Opinion

The Great Debate

Toyota’s “exceptionalism” came back to bite

e-neidermeyer– Edward Niedermeyer is the editor-in-chief of The Truth About Cars. The views expressed are his own. –

(Paragraph 7 corrected on February 10.)
Life rarely offers easy answers to important decisions, but up until a few weeks ago, it seemed that new cars buyers simply couldn’t go wrong buying a Toyota. For decades, the Japanese automaker had built up an unmatched reputation for quality and reliability, on its way to becoming the best-selling automaker in the U.S and the top car producer worldwide. A Camry might not have been a particularly glamorous or exciting choice of vehicles, but consumers could buy one without doing a lick of research, and expect it to run reliably and efficiently for years. At least they could until a flurry of defects and recalls suddenly brought Toyota’s untouchable reputation back down to earth.

In a matter of days, Toyota’s good favor in the eyes of consumers has been replaced with suspicion and doubt. Having first ignored reports of unintended acceleration in its vehicles, Toyota then blamed floor mats before finally recalling some eight million gas pedals worldwide. When a brake software problem on the Prius hybrid emerged within days of the gas pedal recall, and Toyota’s leadership moved slowly to get in front of the burgeoning PR nightmare, the automaker’s spotless image suddenly found itself in shreds.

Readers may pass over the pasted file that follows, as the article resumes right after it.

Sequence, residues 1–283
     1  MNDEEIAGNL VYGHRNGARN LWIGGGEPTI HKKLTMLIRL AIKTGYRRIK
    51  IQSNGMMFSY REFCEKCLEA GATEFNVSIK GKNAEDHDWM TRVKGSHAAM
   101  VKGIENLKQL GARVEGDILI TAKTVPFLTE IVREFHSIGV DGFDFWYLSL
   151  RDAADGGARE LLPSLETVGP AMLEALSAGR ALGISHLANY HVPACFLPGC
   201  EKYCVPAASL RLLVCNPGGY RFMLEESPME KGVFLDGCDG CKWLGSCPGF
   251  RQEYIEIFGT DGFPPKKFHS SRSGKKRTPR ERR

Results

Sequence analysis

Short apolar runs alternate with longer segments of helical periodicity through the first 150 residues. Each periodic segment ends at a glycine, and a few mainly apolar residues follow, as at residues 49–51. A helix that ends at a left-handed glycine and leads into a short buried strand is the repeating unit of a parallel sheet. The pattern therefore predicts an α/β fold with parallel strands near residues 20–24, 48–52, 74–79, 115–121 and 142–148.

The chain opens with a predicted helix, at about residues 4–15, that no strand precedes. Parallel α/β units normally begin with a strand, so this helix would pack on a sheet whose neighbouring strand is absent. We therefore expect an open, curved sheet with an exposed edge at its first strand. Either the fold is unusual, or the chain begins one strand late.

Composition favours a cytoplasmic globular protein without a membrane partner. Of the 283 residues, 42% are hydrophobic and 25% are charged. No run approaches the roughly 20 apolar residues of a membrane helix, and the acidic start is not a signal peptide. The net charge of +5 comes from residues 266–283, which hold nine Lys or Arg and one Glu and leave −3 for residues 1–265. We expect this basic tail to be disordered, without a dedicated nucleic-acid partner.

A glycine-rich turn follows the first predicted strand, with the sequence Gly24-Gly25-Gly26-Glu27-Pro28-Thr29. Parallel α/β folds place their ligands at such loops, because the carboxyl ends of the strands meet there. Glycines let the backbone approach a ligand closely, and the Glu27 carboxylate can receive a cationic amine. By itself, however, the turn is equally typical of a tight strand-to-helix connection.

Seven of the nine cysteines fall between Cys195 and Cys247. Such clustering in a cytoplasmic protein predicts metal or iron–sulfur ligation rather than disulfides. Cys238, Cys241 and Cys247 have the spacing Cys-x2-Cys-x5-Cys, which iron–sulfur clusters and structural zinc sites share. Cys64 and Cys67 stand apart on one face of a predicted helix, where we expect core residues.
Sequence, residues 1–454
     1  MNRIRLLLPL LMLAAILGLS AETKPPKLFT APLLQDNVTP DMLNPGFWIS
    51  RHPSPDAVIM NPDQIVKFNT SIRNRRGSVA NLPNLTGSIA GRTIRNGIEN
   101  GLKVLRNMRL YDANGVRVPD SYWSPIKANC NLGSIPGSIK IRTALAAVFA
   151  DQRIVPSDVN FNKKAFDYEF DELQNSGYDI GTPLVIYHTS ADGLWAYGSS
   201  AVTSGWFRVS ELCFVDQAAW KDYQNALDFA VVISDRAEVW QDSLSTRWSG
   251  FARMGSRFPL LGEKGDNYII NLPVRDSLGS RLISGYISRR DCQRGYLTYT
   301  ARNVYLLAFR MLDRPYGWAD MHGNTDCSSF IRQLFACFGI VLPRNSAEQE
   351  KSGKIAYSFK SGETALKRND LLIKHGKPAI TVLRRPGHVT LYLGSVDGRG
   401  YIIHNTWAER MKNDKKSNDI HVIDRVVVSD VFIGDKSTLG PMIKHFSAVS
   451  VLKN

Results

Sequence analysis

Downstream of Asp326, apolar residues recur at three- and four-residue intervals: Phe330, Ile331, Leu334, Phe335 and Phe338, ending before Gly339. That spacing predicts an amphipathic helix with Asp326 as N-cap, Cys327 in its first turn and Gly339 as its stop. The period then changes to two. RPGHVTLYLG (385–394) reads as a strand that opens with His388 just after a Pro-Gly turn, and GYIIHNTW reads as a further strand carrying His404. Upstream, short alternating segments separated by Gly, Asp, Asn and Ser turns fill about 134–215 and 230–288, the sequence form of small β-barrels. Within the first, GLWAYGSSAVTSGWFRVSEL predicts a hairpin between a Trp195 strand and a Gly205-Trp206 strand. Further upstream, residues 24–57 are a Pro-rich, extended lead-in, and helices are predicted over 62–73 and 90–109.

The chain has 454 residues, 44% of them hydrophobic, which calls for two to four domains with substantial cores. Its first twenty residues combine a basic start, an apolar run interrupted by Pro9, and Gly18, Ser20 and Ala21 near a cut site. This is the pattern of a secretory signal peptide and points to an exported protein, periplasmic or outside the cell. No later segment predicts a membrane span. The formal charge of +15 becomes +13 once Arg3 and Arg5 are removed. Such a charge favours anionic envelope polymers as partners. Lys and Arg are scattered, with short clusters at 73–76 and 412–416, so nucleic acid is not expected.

This rapid reversal of Toyota’s fortunes indicates that its reputation as an unquestionably logical choice in car brands was already wearing thin. Having refined the most efficiency and quality-focused manufacturing system in the industry by the late 1980s, Toyota responded to currency fluctuations in the early 90s by cutting costs on the design-end of the business.

According to the company’s logic at the time, a “lean” manufacturing operation couldn’t afford to build “fat” or “overquality” products in the face of intense pressure on profitability.

Green business and the conscience premium

bryan-welch-ogden-publicationsWelch is the publisher and editorial director of Ogden Publications, home to Mother Earth News and Utne Reader. Any opinions expressed are his own.

Green business is arguably the most important marketing innovation of the century. And it’s here to stay.

When we talk about green business, we’re really talking about the provenance of the products and services we sell. A business is green if its creators take into account its impact on the environment, and on society. Like a historic work of art, a pair of running shoes now has a provenance – a chain of collaborators, stakeholders and events that led to its appearance in your closet.

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